It has been a long time since I heard a professional basketball player blame the ball for a poor performance. As a matter of fact, it has been eight years since the league switched to the synthetic rock and then ditched it for the original leather.
Strangely enough, the newest criticism of equipment is coming in reverse — and from someone who is yet to log any real league minutes.
“My biggest thing is getting comfortable with that basketball,” said Miami Heat draftee Shabazz Napier to the AP. “That’s one of my biggest problems and it’s kind of ironic, because it’s a basketball. But it’s different than a college basketball.”
The young point guard is definitely not the only rookie who struggled during the Summer League, but he’s certainly the only NBA freshman to publicly blame the type of ball for it. This may or may not be actual code for it’s going to be hard to live up to the pressure of being LeBron James’ handpicked guy who was left behind.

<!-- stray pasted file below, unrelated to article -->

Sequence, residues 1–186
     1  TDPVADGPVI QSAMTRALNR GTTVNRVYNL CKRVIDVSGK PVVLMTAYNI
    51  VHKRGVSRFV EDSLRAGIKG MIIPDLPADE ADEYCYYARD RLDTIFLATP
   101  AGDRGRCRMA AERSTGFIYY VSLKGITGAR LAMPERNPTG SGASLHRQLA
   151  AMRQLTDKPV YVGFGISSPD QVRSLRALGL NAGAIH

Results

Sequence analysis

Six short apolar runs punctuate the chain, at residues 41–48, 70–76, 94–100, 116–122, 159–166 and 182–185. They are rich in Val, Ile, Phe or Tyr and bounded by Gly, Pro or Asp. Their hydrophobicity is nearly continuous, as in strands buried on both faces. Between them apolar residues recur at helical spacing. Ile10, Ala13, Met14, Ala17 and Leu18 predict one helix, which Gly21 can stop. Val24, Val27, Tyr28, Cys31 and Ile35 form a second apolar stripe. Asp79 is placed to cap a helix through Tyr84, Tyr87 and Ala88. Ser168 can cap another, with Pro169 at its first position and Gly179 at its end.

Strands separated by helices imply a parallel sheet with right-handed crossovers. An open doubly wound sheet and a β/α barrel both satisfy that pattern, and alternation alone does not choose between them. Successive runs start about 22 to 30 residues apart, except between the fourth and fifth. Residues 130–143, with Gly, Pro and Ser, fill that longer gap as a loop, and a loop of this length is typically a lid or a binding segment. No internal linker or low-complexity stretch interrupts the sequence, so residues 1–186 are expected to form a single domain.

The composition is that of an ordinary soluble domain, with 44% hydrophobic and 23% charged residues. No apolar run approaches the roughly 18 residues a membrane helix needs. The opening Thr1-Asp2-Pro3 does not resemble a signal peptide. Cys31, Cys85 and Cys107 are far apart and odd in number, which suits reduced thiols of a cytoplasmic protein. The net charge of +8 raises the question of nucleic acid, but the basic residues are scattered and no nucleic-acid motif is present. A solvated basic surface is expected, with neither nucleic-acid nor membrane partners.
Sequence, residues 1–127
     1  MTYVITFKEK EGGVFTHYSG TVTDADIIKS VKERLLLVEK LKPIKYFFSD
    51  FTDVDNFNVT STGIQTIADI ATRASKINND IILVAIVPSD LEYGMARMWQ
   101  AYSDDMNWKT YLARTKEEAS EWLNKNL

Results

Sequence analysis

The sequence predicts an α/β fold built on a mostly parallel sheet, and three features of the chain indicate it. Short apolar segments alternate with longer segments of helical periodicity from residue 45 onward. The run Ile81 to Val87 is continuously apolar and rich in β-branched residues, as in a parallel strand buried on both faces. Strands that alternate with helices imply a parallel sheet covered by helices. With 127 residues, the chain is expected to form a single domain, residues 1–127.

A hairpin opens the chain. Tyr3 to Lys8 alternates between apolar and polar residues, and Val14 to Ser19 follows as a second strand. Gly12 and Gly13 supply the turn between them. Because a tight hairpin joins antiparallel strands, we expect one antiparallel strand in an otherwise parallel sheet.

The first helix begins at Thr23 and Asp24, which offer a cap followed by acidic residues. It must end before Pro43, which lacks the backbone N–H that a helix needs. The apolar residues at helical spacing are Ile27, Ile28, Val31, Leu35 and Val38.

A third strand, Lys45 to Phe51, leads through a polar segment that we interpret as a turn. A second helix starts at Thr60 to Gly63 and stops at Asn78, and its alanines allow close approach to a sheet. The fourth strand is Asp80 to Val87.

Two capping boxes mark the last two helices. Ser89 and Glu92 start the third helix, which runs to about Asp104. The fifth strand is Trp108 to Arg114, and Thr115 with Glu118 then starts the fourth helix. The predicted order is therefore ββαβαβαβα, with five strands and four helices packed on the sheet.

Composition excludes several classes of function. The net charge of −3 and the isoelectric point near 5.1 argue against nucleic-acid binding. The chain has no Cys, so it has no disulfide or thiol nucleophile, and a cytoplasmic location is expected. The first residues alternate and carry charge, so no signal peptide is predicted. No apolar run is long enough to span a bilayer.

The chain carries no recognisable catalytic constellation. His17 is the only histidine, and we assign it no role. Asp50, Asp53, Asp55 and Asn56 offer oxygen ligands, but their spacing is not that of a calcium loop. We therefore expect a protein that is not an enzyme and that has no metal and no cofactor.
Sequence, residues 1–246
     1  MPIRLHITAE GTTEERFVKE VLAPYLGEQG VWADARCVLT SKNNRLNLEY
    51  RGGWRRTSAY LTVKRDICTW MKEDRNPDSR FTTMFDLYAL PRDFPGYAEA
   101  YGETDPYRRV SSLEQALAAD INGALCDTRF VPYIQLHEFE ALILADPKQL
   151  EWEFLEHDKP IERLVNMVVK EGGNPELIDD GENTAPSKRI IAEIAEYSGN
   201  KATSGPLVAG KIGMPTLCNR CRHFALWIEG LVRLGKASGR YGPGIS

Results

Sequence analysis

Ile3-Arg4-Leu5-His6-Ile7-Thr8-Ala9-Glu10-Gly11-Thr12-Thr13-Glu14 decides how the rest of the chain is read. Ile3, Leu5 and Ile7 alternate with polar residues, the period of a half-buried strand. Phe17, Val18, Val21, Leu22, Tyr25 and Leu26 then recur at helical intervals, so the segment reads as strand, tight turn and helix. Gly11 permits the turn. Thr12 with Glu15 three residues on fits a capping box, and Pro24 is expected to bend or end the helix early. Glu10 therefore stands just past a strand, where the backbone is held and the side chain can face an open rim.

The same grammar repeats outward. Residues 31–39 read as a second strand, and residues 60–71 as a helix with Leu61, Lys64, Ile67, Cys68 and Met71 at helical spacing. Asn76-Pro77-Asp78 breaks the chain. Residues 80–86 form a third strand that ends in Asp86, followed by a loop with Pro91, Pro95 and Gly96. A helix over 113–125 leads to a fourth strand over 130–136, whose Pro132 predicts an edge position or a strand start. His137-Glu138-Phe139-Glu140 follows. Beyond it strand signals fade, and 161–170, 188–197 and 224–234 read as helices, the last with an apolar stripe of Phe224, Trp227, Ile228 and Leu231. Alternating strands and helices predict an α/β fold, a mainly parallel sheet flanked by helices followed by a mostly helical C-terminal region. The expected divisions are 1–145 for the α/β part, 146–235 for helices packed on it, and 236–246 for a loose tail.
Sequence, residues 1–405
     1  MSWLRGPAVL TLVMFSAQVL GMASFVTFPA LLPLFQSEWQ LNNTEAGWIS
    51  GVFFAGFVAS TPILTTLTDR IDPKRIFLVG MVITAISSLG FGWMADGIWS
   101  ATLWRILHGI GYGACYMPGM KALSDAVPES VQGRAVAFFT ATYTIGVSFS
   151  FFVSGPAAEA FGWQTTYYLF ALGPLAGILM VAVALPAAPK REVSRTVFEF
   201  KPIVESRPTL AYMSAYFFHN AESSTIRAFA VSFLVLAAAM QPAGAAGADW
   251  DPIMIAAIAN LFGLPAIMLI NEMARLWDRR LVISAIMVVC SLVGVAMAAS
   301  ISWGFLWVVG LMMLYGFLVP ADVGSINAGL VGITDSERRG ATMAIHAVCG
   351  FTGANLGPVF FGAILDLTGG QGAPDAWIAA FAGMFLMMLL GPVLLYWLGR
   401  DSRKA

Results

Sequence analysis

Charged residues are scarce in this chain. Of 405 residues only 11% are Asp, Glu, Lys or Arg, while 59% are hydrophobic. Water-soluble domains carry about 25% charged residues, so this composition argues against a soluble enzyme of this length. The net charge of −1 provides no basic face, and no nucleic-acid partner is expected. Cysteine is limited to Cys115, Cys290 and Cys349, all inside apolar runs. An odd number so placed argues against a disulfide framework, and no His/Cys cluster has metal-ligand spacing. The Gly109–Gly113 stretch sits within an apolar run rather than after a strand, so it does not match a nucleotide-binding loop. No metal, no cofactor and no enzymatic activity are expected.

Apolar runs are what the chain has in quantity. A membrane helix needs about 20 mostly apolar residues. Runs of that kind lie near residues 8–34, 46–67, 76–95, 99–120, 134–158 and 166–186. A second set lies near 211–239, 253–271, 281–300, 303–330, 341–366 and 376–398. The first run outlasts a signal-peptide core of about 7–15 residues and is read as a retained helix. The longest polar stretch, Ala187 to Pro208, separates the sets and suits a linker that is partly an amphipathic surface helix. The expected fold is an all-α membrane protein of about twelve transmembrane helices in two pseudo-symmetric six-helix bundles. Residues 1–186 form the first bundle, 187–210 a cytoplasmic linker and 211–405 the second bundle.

Regardless of what Napier’s excuses are, he has to be better than 27.5 percent shooting from the field and 38 turnovers in nine games.
There’s too much riding on the former University of Connecticut star to be good. That’s particularly true when his performances could be used as reason to leverage Norris Cole’s contract for a complementary big or extra scoring insurance for Dwyane Wade’s faulty knees.
Adjustments are just another part of the game, but Napier’s future with the Heat could take a hit if him and Mr. Spalding cannot get on the same page.